Not All Fat is Created Equal: Stomach Fat and Cardiovascular Disease

Illustration by Amanda Im

Illustration by Amanda Im

Just a few decades ago, researchers and physicians alike assumed that Body Mass Index (BMI) values were a sufficient form of indication to assess the weight profile and well-being of patients. However, as research has continued to explore risk factors for major diseases, it has become increasingly clear that a deeper understanding of specific areas of the body is necessary to provide insight to the patient’s risk level. One of the most directly correlated diseases associated with obesity and high body fat percentage is cardiovascular disease. Cardiovascular diseases of any sort are serious issues that continue to affect an increasing number of Americans every year.

A study conducted by the National Heart Lung and Blood Institute concluded the hypothesis that a lower density of fat is associated with greater risk for heart disease. While this study by no means offers a conclusive causal relationship between abdominal fat and heart disease, it gives insight as to what the next stage of research should examine, and what physicians may potentially wish to focus on when assessing the risk levels of their patients’ for cardiovascular disease.  For the purpose of this study, cardiovascular disease seems to be defined under extremely broad terms, encompassing the likes of both serious and immediate issues like heart attacks or strokes as well as more pedestrian cardiovascular problems such as high blood pressure.

Two forms of fat are present in the abdominal region: subcutaneous and visceral adipose fat. Subcutaneous fat lies just below the skin and is responsible for many of the visual consequences of obesity people generally see from the exterior. Visceral adipose fat on the other hand, lies much deeper under the skin and can extend around the internal organs. As speculated by researchers for many years, the National Heart Lung and Blood Institute’s Framingham Heart Study found a strong correlation between higher body fat percentage and lower density fat (more visceral fat), and risk for heart disease. In this study, 1106 participants were tracked across a 6 year span. The average age of the participants was 45 years old and 44 percent of the participating group were women. The study’s senior researcher, Caroline Fox, explained that “an increase in the amount of stomach fat and a lower density fat is associated with worse heart disease risk factors”. It should be disclaimed that the study used fat density as a proxy for measuring levels of subcutaneous and visceral fat. CT scans were used to scan the abdominal region and determine the adipose density. Here, Fox describes a potential limitation researchers are working to combat, insisting that “[m]easuring fat density is a new measure that we are still working to understand and warrants further investigation”.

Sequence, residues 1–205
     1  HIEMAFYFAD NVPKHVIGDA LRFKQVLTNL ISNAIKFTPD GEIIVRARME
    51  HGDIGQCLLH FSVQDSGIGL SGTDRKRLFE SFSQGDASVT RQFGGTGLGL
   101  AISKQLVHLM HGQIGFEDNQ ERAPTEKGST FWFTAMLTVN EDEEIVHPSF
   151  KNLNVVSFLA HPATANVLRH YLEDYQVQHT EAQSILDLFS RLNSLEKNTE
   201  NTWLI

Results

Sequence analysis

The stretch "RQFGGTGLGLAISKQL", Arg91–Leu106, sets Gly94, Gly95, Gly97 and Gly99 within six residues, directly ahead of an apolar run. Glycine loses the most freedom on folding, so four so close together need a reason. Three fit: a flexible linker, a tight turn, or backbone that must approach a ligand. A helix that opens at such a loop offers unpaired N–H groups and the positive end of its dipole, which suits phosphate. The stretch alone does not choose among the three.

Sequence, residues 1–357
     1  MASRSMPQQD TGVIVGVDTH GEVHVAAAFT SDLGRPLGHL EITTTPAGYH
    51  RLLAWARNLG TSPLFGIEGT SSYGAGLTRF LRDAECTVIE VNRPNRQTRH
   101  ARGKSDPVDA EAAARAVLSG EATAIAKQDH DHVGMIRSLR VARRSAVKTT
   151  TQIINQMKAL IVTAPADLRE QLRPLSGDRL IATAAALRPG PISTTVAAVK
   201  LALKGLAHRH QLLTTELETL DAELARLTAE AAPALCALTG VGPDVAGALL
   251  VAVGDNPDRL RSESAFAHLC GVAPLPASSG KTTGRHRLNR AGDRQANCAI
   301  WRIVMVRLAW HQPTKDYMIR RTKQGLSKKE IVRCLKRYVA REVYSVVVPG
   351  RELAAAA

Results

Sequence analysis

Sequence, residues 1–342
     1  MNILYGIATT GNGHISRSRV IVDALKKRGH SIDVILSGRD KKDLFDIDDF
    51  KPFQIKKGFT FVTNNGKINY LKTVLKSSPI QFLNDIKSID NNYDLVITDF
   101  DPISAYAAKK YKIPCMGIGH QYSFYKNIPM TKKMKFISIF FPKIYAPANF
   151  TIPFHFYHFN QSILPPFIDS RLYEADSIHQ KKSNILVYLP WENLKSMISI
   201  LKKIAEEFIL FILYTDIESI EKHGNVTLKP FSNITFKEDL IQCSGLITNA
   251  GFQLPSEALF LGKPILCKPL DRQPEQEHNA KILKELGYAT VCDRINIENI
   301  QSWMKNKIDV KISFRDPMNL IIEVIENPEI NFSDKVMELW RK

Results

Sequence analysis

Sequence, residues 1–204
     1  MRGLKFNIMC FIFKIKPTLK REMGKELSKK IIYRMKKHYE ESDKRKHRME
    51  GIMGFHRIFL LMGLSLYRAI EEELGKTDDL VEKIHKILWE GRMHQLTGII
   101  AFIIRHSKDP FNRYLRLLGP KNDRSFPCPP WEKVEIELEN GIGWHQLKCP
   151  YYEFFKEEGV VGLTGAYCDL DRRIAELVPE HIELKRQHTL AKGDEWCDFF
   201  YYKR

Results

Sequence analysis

While the study produces many questions and fails to offer a definitive explanation for stomach fat and cardiovascular disease, it certainly offers insightful observational content for future research. Further research should aim to focus on whether visceral fat is just the byproduct of a deeper internal working, such as a hypothalamic-pituitary-adrenal axis, or that the visceral adipose is independently harming the functions of vital organs. Furthermore, it has been suggested that ethnic differences should be accounted for as people from different backgrounds may be more prone to gaining visceral adipose tissue than those from other backgrounds. These implications conclusively redirect themselves at the idea that the BMI scale is not enough to fully assess the adiposity of an individual, and further the notion that additional methods of measurement are necessary to achieve understanding of the relationship between stomach fat and cardiovascular disease.

 




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